The large police presence, which included several SWAT units, hundreds of vehicles, mobile surveillance camera towers and police in riot gear, was to ensure the smooth running of the demonstration. When some 50 members of the Klan came down from the buses to sit in front of the Court of Justice, they were waving KKK flags with symbols alongside what appeared to be skinheads and several members of other white power units. We were nowhere near the thousands Edward promised.
Members of the Klan took turns at the megaphone but it was difficult to see and hear anything from the media tent, strategically placed behind a SWAT truck. They were chanting ” White power ! “in unison from time to time. The rain continued to rain and the small group of anti-fascist counter-demonstrators gathered a few blocks away from the demonstration were dispersed. DaJuan and his team weren’t. While local reporters were complaining about having to wait in the rain on a Saturday, I began to think that today’s Klan looked like one of those historical reenactment associations that regrets the “good old days” without anyone knowing what it means. I left the protest fast enough and went back to the hotel to dry out before the cross lighting ceremony in Mississippi, scheduled later that night.
I arrived just before sunset in a small peasant village near Tupelo, a two-hour drive from Memphis. I was warmly welcomed by Nicole, the wife of Steven Howard, the Imperial Wizard of the White Knights of the North Mississippi KKK, in front of their home, where the ceremony was to take place. She told me that Steven was still on the road and that, for her part, she couldn’t go because of the kids. Steven, famous for his Red Klan dress, was one of the main speakers at the afternoon demonstration, but I had no idea what he and his comrades had been saying ; the police had arranged them so that they would speak in front of a brick wall.
Given the handful of people gathered on Steven’s property – a large mobile home set in the middle of a wooded lot – Little was to be expected. Suddenly, a vehicle crew arrived and the cars parked one after the other in Steven’s backyard. I counted a hundred Klan members together.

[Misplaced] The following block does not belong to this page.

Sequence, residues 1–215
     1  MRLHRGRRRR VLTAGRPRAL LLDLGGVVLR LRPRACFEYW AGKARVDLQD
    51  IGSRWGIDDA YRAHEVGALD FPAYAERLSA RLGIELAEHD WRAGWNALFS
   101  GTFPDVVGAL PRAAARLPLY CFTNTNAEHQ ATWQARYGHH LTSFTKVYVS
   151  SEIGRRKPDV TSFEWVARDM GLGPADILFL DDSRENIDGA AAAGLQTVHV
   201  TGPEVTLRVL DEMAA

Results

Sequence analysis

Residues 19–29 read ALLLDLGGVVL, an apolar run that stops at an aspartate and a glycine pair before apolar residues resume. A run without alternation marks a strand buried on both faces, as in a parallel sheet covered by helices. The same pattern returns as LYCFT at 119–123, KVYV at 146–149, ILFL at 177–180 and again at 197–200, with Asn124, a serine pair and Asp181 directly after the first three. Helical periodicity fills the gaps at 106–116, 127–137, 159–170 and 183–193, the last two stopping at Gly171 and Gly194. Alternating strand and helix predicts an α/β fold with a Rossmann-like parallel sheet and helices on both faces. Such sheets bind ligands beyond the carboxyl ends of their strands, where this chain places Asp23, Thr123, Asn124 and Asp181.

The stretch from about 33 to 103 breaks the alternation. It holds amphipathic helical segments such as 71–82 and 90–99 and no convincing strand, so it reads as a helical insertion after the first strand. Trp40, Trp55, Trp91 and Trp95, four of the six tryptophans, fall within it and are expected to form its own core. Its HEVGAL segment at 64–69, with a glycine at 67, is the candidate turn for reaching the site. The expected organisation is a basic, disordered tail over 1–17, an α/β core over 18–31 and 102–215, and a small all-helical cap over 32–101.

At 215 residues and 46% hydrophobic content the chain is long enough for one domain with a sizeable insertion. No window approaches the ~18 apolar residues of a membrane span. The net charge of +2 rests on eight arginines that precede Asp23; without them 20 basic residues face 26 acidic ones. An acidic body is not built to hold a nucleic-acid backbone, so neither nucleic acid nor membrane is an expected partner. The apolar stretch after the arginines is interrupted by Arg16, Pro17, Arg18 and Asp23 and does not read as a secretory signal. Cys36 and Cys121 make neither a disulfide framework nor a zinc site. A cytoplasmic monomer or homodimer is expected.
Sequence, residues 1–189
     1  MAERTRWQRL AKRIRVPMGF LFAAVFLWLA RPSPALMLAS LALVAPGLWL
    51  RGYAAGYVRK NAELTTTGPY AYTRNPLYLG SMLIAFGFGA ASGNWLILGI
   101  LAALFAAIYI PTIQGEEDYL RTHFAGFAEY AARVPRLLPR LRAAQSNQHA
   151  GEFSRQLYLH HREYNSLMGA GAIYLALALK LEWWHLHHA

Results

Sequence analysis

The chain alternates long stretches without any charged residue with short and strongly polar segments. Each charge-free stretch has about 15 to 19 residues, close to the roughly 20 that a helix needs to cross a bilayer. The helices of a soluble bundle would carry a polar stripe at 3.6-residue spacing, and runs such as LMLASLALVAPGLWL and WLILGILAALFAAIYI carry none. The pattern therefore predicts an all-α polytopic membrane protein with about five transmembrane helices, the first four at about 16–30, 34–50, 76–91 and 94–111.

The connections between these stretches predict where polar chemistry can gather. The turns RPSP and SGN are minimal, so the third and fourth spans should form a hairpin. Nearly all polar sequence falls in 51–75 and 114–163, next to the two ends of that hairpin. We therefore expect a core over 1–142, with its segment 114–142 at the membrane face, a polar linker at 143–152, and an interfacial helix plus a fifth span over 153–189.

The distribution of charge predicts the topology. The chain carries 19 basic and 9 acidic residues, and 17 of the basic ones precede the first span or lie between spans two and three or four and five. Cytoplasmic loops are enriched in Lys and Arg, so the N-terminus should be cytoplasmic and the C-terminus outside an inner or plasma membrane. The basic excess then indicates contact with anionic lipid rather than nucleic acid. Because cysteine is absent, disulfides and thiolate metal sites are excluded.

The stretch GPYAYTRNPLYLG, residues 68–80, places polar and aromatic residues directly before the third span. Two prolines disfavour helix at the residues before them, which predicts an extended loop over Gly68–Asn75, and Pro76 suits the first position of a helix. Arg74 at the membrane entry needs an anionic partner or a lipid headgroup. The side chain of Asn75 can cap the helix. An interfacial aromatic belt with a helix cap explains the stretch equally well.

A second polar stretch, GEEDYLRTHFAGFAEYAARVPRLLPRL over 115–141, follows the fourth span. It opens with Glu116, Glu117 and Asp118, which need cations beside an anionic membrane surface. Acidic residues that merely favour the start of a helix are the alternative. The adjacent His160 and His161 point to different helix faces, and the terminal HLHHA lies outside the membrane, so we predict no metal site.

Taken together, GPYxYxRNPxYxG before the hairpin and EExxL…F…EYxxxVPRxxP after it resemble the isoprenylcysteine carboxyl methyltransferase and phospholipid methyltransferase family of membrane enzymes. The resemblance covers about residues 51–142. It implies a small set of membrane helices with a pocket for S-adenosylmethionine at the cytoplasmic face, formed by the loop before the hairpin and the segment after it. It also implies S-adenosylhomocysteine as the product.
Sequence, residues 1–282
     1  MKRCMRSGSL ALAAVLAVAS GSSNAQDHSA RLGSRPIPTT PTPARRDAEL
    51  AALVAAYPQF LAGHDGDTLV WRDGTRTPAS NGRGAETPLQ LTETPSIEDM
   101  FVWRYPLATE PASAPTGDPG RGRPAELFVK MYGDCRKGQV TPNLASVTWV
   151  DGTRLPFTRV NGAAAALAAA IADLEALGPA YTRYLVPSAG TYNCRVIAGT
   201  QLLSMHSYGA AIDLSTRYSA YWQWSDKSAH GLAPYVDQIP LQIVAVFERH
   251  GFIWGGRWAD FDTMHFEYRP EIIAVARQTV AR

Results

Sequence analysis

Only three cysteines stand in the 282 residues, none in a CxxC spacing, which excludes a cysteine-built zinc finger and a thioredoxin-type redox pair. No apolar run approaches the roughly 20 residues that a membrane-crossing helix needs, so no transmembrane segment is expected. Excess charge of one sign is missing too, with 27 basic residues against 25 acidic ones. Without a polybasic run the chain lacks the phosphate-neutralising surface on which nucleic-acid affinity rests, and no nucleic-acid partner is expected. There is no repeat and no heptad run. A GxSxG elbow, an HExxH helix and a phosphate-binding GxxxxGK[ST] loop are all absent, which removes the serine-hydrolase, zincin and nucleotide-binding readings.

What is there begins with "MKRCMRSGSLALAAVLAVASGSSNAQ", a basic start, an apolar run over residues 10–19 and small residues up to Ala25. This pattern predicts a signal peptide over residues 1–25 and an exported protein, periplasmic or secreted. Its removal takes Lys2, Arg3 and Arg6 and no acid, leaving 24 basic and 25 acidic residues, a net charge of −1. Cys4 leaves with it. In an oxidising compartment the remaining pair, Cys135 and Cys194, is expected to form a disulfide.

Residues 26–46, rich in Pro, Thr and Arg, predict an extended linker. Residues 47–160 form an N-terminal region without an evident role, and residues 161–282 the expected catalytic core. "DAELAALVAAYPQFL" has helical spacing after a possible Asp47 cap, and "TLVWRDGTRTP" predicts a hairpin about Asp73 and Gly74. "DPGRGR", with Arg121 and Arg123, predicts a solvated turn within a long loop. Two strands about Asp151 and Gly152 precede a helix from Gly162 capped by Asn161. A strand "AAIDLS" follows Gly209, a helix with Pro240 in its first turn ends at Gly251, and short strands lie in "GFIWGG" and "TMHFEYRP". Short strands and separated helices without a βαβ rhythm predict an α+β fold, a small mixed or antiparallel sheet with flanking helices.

After the meal, half a dozen guys started building the cross for the upcoming ceremony, assembling wooden planks covered with jute cloth and pouring gasoline here and there on their construction. Then it’s time to put on the dresses.
I took the opportunity to speak to Steven – who, at 31, speaks with the enthusiastic charisma of the great leaders of men – for a few minutes while he was dressed in his beloved red dress. He told me that he had been a marine in Iraq and that some of his Klan companions had also served in the army. “When they hung him on the bridge and everything, his body burned and everything, that’s when I was there,” he said, referring to the four people hired by Blackwater Security who were killed, burned and hanged at a Fallujah bridge over the Euphrates.
I asked him what he thought of the afternoon rally: “the police surrounded us. This is ridiculous. A lot of people said they didn’t even hear us ; a lot of people said they couldn’t even see us ! »
Steven told me that the reason the ceremony was taking place so late was because the Klansmen convoy that had accompanied him since Memphis had been worried by a vehicle, which seemed to be following them. They then parked on the side of the road, forcing their pursuers to do the same. The vehicle in question carried a local TV crew. “When they came out, there were two whites, but their team – the cameramen – they were Indians… not Indians, but chinks, Lemon faces and Negroes. I told them they had no right to come to my house. “Then he thanked me for coming and said I would always be welcome.